Scientific Understanding of Consciousness
Diverse Coupling of Neurons to Populations of Neurons
Nature 521, 511–515 (28 May 2015)
Diverse coupling of neurons to populations in sensory cortex
Michael Okun, et.al.
UCL Institute of Neurology, University College London, London WC1N 3BG, UK
Department of Neuroscience, Physiology and Pharmacology, University College London, London WC1E 6DE, UK
UCL Institute of Ophthalmology, University College London, London EC1V 9EL, UK
Howard Hughes Medical Institute and Department of Neurobiology, Stanford University, Stanford, California 94305-5125, USA
Biozentrum, University of Basel, Klingelbergstrasse 50/70, CH-4056 Basel, Switzerland
Center for Molecular and Behavioral Neuroscience, Rutgers University, 197 University Avenue, Newark, New Jersey 07102, USA
A large population of neurons can, in principle, produce an astronomical number of distinct firing patterns. In cortex, however, these patterns lie in a space of lower dimension, as if individual neurons were “obedient members of a huge orchestra”. Here we use recordings from the visual cortex of mouse (Mus musculus) and monkey (Macaca mulatta) to investigate the relationship between individual neurons and the population, and to establish the underlying circuit mechanisms. We show that neighbouring neurons can differ in their coupling to the overall firing of the population, ranging from strongly coupled ‘choristers’ to weakly coupled ‘soloists’. Population coupling is largely independent of sensory preferences, and it is a fixed cellular attribute, invariant to stimulus conditions. Neurons with high population coupling are more strongly affected by non-sensory behavioural variables such as motor intention. Population coupling reflects a causal relationship, predicting the response of a neuron to optogenetically driven increases in local activity. Moreover, population coupling indicates synaptic connectivity; the population coupling of a neuron, measured in vivo, predicted subsequent in vitro estimates of the number of synapses received from its neighbours. Finally, population coupling provides a compact summary of population activity; knowledge of the population couplings of n neurons predicts a substantial portion of their n2 pairwise correlations. Population coupling therefore represents a novel, simple measure that characterizes the relationship of each neuron to a larger population, explaining seemingly complex network firing patterns in terms of basic circuit variables.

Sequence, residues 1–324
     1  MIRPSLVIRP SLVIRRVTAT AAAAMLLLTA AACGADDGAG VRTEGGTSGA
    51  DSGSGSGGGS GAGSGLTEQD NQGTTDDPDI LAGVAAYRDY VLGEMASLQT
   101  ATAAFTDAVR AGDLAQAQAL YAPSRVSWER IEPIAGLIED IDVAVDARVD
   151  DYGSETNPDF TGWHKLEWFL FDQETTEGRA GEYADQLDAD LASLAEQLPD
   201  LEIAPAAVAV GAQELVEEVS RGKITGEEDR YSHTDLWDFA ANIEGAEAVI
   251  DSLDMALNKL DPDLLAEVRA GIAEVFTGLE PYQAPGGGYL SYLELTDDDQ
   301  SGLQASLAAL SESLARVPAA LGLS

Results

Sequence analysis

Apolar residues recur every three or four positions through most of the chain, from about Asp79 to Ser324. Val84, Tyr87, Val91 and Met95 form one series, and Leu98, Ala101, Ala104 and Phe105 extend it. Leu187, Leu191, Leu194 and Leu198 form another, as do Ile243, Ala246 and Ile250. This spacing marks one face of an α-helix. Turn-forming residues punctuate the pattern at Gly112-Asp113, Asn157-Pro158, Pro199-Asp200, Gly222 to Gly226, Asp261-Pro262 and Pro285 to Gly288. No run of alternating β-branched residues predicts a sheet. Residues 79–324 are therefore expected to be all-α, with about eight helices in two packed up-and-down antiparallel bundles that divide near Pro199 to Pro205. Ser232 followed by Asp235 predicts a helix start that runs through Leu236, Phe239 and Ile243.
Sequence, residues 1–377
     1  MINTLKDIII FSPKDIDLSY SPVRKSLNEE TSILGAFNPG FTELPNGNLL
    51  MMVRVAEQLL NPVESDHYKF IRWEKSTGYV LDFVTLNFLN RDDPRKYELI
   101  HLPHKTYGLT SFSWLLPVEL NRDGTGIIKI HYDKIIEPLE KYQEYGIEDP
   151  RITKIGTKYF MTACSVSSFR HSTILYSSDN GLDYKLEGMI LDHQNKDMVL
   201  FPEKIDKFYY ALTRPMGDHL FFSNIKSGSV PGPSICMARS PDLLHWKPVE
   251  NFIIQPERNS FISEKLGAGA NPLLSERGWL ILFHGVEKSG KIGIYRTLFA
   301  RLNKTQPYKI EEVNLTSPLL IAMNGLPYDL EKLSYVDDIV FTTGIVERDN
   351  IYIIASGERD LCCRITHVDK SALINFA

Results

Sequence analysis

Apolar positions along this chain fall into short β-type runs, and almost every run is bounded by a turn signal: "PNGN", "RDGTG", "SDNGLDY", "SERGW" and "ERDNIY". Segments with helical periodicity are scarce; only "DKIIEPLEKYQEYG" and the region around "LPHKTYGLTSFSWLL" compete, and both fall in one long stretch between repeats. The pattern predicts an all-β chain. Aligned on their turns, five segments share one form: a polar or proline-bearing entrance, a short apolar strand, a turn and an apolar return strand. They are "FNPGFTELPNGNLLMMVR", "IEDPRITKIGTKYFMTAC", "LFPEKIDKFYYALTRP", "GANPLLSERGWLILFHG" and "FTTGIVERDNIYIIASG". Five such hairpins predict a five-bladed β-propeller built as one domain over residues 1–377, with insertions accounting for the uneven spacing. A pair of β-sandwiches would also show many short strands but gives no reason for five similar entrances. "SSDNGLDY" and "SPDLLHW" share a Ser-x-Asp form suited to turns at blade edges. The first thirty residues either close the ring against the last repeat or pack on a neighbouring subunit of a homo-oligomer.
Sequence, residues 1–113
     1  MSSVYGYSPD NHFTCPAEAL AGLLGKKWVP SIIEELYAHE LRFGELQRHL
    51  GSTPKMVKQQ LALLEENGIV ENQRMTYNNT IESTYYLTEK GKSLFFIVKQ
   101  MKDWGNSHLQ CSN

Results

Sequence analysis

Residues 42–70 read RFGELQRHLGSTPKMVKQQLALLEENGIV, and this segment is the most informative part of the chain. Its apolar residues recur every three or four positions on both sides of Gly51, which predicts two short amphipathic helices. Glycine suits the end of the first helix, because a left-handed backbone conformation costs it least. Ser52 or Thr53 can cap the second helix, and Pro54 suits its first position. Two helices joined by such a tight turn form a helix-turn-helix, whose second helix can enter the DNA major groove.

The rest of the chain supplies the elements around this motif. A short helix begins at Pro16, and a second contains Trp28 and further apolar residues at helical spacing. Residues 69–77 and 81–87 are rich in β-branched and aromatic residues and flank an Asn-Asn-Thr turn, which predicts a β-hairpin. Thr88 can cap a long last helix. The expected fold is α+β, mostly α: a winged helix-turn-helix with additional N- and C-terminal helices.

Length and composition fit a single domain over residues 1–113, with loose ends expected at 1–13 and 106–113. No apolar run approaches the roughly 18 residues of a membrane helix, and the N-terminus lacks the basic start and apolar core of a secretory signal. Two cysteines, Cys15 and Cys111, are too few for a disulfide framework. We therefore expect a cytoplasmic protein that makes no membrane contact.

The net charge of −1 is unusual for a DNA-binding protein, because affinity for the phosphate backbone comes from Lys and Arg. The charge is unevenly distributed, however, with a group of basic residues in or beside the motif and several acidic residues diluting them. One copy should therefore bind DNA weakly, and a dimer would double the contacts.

The cortex represents its computations through the joint activity of multiple neurons. This activity can be remarkably diverse even among neighbouring neurons, belonging to the same morphological and laminar cell class. In sensory cortex, neighbouring neurons not only respond to diverse stimulus, but also use diverse strategies to encode information. For example, mean firing rate differs by orders of magnitude across neurons, and it appears to constitute an invariant property of each cell, persisting across multiple stimulus conditions and spontaneous activity. We asked whether there are other invariant dimensions that characterize the diversity of firing of cortical neurons. Ideally, such dimensions would not only help explain the complex patterns of activity produced by cortical populations, but also relate directly to underlying circuit variables.
These results indicate that much of the pairwise correlation in the population is explained by the coupling of each neuron to population rate, with coupling strengths that vary between neurons. The underlying model is parsimonious, requiring only order n parameters to predict order n2 pairwise correlations. Moreover, the model is intuitive, involving procedures among the simplest in neuroscience—summing the activity of multiple neurons, and correlating the spike train of each neuron with the result.
Population coupling constitutes a previously unappreciated dimension characterizing the relationship of individual neurons to population activity. Strongly coupled neurons (choristers) are more strongly activated during multiple conditions that nonspecifically increase the activity of their local network: not only sensory stimuli, but also spontaneous fluctuations, polysynaptic optogenetic stimulation, and top-down modulation. Conversely, weakly coupled neurons (soloists) are more immune to these population-wide events. Population coupling differs both across and within cell classes; it remains to be determined whether this within-class diversity reflects further subdivisions of these classes (such as pyramidal cells with different long-range axonal targets), or continuous within-class variation in cellular parameters such as input connection probability. Moreover, a neuron’s population coupling need not be fixed for life; neurons that rats learn to use while controlling a brain–machine interface show increased correlation with LFP, indicating increased population coupling, and thus suggesting an increase in mean synaptic input strength. This single, simple variable relating each neuron’s participation in the population code to underlying circuit connectivity may prove critical to understanding cortical computation and plasticity.
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